Sunday, October 30, 2011


Biblical scholar and blogger, Ben Witherington, shares my love of baseball.  His most recent post captures that love and its spiritual significance.- Steve

Let’s be honest.  The most popular game in America these days is brutal. I’m talking about the incessantly broadcast game of professional football, a game, as they say ‘won in the trenches’, a term borrowed from WWI and the Maginot line. Today instead it is the offensive or defensive line. Yes, there are thrilling plays in football— elegantly arched passes to diving receivers, runners weaving their way through traffic heading for the endzone. But most of the actual play on the football field is not beautiful. It involves holding, pushing, shoving, tackling, hitting— especially hitting these days. The game’s name should be changed from tackle football to hit football. Launching one’s body at another human being, outside the football field is called assault. It is not beautiful. It is ugly.

Football, if it is possible, has become even more of a bloodsport today, than it was when padding was not nearly so good. It does a good job of feeding our lust for the dramatic, for a thrill a moment, and our voyeuristic joy in watching someone else crash and burn. Baseball, except for the occasional collision on the base paths or at home plate is not about players smashing up other players. It’s about beauty, and it’s about life and what is good in human striving.

If you have not been under a rock, and have watched this truly memorable World Series between the Cardinals and Rangers, you will see lots of amazing individual and team achievements. Say, Albert Pujols’ three monster home runs in Arlington which conjured up images of Mr. October, Reggie Jackson. Or say the hometown boy David Freese made good, almost single-handedly staving off elimination in Game Six when the Cardinals were down to their last strike, twice. Or watching a guy built like a lineman, a catcher named Napoli, time and again lift his team with his bat or throws as the crowd chanted Napoli, Napoli, Napoli.

The problem with football, especially college football, is that with one loss even at the beginning of the season, you can be out of the championship hunt. That, frankly, is not merely a buzzkill, its cruel. Contrast that to baseball.

The St. Louis Cardinals, for a great deal of the season were not very good. Indeed, on Sept. 1, they were so far behind in the wildcard race, they weren’t even in anybody’s rear view mirror. And even after 161 games, the issue was not settled as to who would be the wild card team. It turned out to be….wait for it….. the Wild Cards.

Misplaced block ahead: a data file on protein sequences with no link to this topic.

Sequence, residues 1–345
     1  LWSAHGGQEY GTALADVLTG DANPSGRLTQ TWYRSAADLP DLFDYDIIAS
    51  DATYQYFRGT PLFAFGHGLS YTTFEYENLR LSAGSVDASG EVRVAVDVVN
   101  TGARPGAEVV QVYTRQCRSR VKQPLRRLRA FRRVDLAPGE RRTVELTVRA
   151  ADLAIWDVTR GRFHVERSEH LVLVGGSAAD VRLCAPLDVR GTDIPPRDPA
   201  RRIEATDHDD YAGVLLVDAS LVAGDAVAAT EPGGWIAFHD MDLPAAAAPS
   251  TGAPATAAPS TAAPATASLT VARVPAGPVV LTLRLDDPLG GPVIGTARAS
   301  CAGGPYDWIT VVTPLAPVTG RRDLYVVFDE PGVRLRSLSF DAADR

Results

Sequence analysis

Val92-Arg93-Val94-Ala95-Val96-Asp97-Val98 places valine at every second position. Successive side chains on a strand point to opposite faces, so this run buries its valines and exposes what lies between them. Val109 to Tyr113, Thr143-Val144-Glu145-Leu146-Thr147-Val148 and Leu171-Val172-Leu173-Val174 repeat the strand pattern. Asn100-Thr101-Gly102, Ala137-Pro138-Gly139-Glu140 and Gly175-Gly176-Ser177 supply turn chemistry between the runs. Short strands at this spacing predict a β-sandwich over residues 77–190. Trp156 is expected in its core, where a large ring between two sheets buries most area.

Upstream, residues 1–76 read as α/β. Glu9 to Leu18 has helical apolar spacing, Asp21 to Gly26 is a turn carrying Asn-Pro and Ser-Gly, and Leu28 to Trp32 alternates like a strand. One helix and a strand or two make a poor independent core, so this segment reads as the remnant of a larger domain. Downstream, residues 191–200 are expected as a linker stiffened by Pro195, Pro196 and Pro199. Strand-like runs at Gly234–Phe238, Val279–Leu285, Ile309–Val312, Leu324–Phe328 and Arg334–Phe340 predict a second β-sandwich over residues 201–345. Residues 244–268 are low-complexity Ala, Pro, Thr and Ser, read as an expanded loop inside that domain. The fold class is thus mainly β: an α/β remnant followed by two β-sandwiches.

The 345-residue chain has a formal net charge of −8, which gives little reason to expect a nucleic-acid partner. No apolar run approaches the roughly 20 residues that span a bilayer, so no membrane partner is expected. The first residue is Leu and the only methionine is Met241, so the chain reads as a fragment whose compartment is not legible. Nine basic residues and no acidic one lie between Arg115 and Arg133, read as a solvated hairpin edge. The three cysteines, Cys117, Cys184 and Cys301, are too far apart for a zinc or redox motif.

Baseball was and is about redemption after losses, even devastating losses. It’s the game that is most like life. It is a game of children played by adults. In what other sport can you get a hit only one try out of three, failing two thirds of the time, and end up in a Hall of Fame? None. None that I know of. Thank goodness life is more like baseball than football. In what other sport can you fail magnificently, completely, repeatedly, in double digits, and still go on to win a world championship?
In an age of individualism, and rampant narcissism, baseball remains a team sport. There are some baseball players, even today, who have exactly one specialized skill. They don’t look like athletes, they can’t run like athletes, they would never make even a semi-pro team in other sports. But there they are, playing professional baseball. I’m talking about players like Darren Oliver. A big man who has played in the majors twenty years. What does he do? He is a relief pitcher who comes in, usually to get exactly one or two hitters out. That’s it. Or take one of my favorites– Eric Hinske. He can’t run worth a darn. His fielding is no better than mine. But put him in as a pinch hitter when the chips are down— and watch him hit yet another miracle home run in the clutch. That’s beautiful.

Most of us cannot identify with transcendent athletes like a Michael Jordan or a Deion Sanders, or an Albert Pujols. They are way beyond our reach or pay grade. But if you love baseball, you can dream of being little Ryan Theriot, a good fielder. Or an Eric Hinske. The thing about baseball is it really does confirm to you that even the ordinary person under extraordinary circumstances can do the extraordinary, can transcend the mundane and shine for a moment.

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